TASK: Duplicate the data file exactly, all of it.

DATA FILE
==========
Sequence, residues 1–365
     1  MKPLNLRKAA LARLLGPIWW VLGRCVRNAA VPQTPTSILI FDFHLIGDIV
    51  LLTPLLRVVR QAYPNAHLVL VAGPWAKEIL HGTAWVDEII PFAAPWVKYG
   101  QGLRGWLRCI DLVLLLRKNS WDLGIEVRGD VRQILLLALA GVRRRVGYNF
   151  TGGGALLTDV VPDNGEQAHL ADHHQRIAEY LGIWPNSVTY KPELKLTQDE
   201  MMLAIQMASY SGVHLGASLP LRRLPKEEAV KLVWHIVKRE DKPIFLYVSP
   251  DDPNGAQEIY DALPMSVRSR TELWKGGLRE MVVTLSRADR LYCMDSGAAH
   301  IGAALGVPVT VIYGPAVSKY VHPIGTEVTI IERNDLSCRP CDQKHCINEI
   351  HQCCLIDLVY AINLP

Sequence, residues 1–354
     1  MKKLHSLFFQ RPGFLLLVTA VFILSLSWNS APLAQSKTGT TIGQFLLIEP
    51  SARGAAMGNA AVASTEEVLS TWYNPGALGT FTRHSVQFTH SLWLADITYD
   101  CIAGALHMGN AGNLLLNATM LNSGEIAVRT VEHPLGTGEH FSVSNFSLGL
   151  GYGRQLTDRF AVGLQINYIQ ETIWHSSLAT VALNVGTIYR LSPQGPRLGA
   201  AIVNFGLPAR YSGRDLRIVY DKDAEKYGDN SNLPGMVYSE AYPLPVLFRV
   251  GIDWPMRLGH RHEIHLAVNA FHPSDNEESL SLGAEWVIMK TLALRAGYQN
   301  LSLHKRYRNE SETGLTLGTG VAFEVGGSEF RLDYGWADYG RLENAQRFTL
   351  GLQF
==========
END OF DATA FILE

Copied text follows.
Sequence, residues 1–365
     1  MKPLNLRKAA LARLLGPIWW VLGRCVRNAA VPQTPTSILI FDFHLIGDIV
    51  LLTPLLRVVR QAYPNAHLVL VAGPWAKEIL HGTAWVDEII PFAAPWVKYG
   101  QGLRGWLRCI DLVLLLRKNS WDLGIEVRGD VRQILLLALA GVRRRVGYNF
   151  TGGGALLTDV VPDNGEQAHL ADHHQRIAEY LGIWPNSVTY KPELKLTQDE
   201  MMLAIQMASY SGVHLGASLP LRRLPKEEAV KLVWHIVKRE DKPIFLYVSP
   251  DDPNGAQEIY DALPMSVRSR TELWKGGLRE MVVTLSRADR LYCMDSGAAH
   301  IGAALGVPVT VIYGPAVSKY VHPIGTEVTI IERNDLSCRP CDQKHCINEI
   351  HQCCLIDLVY AINLP

Sequence, residues 1–354
     1  MKKLHSLFFQ RPGFLLLVTA VFILSLSWNS APLAQSKTGT TIGQFLLIEP
    51  SARGAAMGNA AVASTEEVLS TWYNPGALGT FTRHSVQFTH SLWLADITYD
   101  CIAGALHMGN AGNLLLNATM LNSGEIAVRT VEHPLGTGEH FSVSNFSLGL
   151  GYGRQLTDRF AVGLQINYIQ ETIWHSSLAT VALNVGTIYR LSPQGPRLGA
   201  AIVNFGLPAR YSGRDLRIVY DKDAEKYGDN SNLPGMVYSE AYPLPVLFRV
   251  GIDWPMRLGH RHEIHLAVNA FHPSDNEESL SLGAEWVIMK TLALRAGYQN
   301  LSLHKRYRNE SETGLTLGTG VAFEVGGSEF RLDYGWADYG RLENAQRFTL
   351  GLQF